The NFL draft is New Year’s Eve for dynasty players, and with all of the work it creates leading into rookie drafts, it is easy to become attached to the players you select. In behavioral economics, that tendency is called the endowment effect. People place more value on things if they own them than they would if they didn’t. Even in deeper dynasty leagues with big benches, that bias can rob you of the chance to roster a player with a real chance to contribute in the future.
To help you clear out the closets of your dynasty rosters in anticipation of the new rookies you’ll draft, I researched how far into their careers successful fantasy players were before they showed those tendencies. Specifically, I looked at every quarterback and tight end who entered the league since 2007 and has produced at least one top-12 fantasy season at his position and every running back and wide receiver who entered the league since 2007 and has produced at least one top-24 fantasy season at his position. Then, I calculated the difference in weeks between Week 1 in those players’ rookie seasons and the first week of their careers where they finished top-12 or top-24 at their position for the week. I’ve illustrated that research in a plot of draft round against the number of weeks into a player’s career when he had his first productive fantasy week, split by position.
This exercise is probably least useful for quarterbacks. Most of the teams who draft one are compelled to quickly discover whether he can make it in the league, and pretty much every quarterback who starts for several weeks will notch at least one top-12 fantasy week. There have been exceptions, and those tend to come from mid- and late-round quarterbacks who are drafted to be backups, at least in the short term. For example, second-rounder Colin Kaepernick held the clipboard for Alex Smith in San Francisco for the bulk of the 28 weeks of his career before his first QB1 week. Tyrod Taylor (sixth round) and Jimmy Garoppolo (second) both needed a new team to fully escape from Joe Flacco’s and Tom Brady’s shadows.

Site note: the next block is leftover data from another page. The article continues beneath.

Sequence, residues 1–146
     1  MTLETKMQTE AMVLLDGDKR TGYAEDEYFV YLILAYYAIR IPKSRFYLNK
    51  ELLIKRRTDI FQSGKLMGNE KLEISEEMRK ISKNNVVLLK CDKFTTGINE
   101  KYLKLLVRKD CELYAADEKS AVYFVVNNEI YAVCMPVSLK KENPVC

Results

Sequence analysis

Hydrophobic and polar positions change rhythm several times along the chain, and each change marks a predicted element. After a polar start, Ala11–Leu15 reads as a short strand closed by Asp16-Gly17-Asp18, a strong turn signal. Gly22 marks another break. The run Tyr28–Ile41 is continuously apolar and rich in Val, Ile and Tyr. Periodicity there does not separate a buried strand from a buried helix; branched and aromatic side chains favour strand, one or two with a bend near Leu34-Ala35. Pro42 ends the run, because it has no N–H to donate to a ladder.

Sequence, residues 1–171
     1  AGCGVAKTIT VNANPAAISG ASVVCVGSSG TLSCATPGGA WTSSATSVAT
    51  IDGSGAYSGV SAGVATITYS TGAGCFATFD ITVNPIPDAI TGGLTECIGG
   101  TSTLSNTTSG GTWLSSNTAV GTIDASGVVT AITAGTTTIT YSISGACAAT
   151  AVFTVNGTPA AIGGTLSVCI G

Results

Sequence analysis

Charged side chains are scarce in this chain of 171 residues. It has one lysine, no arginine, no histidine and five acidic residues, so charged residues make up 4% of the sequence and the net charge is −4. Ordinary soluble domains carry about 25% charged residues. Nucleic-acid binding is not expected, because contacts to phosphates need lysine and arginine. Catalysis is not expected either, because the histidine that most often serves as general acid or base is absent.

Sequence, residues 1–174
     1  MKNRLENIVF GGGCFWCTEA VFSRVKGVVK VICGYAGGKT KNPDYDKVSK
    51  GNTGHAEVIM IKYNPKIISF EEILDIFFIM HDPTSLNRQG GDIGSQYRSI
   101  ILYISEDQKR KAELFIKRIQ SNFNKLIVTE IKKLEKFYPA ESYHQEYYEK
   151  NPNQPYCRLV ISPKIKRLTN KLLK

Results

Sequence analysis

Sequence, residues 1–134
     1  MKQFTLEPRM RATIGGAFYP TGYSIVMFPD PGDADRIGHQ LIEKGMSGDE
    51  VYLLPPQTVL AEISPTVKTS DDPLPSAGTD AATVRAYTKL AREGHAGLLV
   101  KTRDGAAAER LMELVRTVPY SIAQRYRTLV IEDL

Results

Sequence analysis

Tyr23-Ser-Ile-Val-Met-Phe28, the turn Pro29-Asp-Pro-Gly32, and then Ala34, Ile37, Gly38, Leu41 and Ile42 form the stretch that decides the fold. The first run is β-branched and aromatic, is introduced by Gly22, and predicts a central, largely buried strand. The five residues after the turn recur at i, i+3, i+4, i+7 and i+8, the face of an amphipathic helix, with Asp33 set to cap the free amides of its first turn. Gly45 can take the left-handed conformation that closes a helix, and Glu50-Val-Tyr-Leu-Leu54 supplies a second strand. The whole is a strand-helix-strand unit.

But in all of those cases, the player’s talent either showed or eventually forced the issue. Both Taylor and Garoppolo put up QB1 weeks on their original teams when their starters were out for various reasons. Kaepernick took Smith’s job from him. The quarterbacks like Garoppolo and Patrick Mahomes who have followed a similar path should be fine. Their late-career fantasy emergences make sense. I’m not sure that’s the case for McCarron, who had a less-entrenched veteran to unseat in his four years in Cincinnati. You probably shouldn’t outright drop him now that he finally is a nominal starter, but I would trade him to a quarterback-desperate team if I could. Meanwhile, players like Jones, Grayson, and the Jets’ backups have all had ample time to demonstrate a readiness to start and have failed to do so. Feel free to release them.